on May 10, 2006 Episode of "MythBusters" on Discovery Channel (Episode #53 -
... Adam and Jamie try to save viewers some hard-earned cash in the Great
they debunk all the mail-order gas saving devices, then investigate the
possibility of running a Diesel auto on french fry grease. in a closed
circuit, at 35mph, they got 33mpg on Diesel fuel and 30mpg on fry grease.
the test car was a W126 MB.
no modifications were made to the auto. the fry grease was filtered before
pouring it into the fuel cell.
this episode will be rerun on Discovery
May 13 10:00pm EDT
May 14 02:00am EDT
The MB petrol engines should run on Ethanol but they might need adjustment.
Some cars produce more power on Ethanol.
Ethanol is getting more common in the UK as is LPG.
My feeling is that if Ethanol takes off, countries that are very fertile and
able to produce the sugar beet used in ethanol production will become the
Ethanol is caustic. E85 (85% ethanol, 15% petrol) requires fuel supply
components that will not degrade when they come in contact with ethanol in
this high of a concentration. Most vehicles in the US cannot handle E85
unless they are marked as FFV (Flex Fuel Vehicle) and these were mainly
produced as a tax dodge by the auto makers (I believe that there was some
incentive that so many vehicles had to support alternative fuels). But note
that the MPG you get from E85 is measurably less than pure petroleum, so the
true savings may be minor, if not negative. E10 (10% ethanol) is safe for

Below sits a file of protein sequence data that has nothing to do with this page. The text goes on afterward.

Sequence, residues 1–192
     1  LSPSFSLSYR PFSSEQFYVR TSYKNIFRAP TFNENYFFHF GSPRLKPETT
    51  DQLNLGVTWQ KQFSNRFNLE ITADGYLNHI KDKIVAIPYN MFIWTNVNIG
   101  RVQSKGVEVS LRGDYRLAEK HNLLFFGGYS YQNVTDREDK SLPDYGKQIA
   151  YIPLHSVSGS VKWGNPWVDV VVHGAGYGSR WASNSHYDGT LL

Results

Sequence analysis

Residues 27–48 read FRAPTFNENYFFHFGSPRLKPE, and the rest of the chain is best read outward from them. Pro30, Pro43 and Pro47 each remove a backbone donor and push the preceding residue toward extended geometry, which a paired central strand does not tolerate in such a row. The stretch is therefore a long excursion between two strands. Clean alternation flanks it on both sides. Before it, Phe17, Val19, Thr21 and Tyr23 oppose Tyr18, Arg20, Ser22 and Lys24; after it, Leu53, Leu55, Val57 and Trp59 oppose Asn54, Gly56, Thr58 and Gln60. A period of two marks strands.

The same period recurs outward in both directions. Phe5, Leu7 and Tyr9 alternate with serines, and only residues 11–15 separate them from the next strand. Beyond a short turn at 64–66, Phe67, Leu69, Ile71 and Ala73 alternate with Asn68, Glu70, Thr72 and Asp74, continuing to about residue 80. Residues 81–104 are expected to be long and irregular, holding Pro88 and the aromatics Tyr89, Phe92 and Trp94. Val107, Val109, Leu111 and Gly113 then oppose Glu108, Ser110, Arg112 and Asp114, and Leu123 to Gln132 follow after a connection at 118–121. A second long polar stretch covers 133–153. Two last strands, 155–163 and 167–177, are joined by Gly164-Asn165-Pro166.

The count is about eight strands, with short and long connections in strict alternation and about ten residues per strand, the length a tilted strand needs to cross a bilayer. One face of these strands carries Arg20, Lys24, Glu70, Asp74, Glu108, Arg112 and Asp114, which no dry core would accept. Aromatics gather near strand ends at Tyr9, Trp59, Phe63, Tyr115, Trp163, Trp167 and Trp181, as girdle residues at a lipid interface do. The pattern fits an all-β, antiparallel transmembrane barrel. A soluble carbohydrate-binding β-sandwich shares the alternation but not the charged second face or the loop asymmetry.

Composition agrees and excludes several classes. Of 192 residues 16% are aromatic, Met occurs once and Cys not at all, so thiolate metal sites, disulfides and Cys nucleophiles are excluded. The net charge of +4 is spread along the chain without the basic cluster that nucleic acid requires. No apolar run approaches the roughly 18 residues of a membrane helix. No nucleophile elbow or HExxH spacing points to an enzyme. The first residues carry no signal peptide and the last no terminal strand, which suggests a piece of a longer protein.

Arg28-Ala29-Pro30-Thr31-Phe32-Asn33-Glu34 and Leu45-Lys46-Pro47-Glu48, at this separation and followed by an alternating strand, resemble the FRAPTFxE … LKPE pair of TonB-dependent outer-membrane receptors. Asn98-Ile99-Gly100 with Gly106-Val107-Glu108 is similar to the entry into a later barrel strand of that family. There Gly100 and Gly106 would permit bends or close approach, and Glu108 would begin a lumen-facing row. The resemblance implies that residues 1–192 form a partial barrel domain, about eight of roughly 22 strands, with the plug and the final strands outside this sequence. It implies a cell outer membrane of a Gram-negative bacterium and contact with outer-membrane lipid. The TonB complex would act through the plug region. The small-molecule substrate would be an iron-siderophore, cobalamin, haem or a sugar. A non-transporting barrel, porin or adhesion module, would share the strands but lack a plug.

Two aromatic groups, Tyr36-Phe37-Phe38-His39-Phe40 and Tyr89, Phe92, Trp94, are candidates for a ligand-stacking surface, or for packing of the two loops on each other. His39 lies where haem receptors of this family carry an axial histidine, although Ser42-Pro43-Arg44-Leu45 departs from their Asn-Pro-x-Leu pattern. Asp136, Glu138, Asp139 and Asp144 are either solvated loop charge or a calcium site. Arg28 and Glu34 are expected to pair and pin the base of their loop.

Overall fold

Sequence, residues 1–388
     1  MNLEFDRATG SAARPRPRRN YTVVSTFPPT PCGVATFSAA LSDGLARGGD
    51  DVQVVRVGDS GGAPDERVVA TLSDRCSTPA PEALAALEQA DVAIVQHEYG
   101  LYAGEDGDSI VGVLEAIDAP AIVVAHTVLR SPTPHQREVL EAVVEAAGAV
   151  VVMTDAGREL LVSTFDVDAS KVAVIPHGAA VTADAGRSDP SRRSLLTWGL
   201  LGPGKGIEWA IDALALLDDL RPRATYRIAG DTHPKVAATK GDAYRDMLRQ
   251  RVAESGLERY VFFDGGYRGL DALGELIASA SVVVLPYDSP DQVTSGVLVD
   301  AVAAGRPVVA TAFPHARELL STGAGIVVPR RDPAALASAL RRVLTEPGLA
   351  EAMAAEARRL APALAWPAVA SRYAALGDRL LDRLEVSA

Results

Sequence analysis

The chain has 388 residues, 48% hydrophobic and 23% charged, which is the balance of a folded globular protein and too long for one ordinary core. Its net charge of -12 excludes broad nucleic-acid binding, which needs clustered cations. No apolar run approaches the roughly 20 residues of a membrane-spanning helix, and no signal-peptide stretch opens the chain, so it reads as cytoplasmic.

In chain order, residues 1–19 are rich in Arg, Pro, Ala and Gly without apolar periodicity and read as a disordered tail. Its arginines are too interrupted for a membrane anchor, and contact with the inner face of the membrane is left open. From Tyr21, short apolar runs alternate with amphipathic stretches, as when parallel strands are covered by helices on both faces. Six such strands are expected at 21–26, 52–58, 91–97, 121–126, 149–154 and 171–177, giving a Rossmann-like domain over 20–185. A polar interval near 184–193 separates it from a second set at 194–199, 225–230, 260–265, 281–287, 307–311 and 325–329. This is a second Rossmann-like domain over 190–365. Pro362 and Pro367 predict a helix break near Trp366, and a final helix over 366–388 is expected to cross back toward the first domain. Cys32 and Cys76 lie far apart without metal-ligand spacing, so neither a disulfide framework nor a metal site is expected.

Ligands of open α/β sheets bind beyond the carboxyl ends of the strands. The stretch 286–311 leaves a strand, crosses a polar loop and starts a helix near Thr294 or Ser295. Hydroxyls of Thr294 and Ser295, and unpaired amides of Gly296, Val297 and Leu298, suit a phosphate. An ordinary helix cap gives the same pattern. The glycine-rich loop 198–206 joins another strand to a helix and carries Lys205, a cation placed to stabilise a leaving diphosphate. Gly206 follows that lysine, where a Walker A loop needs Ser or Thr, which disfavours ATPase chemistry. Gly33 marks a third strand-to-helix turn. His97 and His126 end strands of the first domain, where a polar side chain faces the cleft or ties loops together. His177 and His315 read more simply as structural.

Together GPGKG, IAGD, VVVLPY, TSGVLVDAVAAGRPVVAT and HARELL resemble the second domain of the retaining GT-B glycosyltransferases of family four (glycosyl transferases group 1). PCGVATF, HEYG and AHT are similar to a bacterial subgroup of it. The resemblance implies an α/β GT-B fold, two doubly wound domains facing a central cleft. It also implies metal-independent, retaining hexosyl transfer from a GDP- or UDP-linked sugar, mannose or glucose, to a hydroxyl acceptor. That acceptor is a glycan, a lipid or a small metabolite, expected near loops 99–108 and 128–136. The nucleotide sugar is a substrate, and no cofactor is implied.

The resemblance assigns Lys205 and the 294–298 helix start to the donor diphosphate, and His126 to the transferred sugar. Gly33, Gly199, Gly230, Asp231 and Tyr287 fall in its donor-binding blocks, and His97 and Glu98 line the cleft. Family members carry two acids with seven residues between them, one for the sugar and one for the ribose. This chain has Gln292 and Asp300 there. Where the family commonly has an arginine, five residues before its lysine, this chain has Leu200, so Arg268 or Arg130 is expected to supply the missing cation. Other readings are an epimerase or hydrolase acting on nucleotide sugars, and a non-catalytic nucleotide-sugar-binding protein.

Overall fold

most all cars and has been common in many areas of the US for a long time.
Who told you that? One gallon of ethanol = about 80,000 BTU
One gallon of gasoline = about 115,000 BTU
So there is less energy in a gallon of ethanol than in a gallon of
If the ethanol has less energy then how in the heck are you going to get
more energy out of the fuel?
If knowledge is power, and power corrupts, what does this say about the
Easy, Ethanol has far a higher octane rating than gasoline, so you can use a
much higher compression ratio. Either through a higher static ratio or
turbo/supercharging. Saab sells their BIOPower turbo in Europe that gets 184hp
out of a 2.0l 4 cylinder turbo when running on E85, but only 148 on straight
gasoline. However, I have seen no fuel consumption figures for that engine for
each mode, I can only assume that it is considerably worse on E85.
Westbrook, Maine, USA
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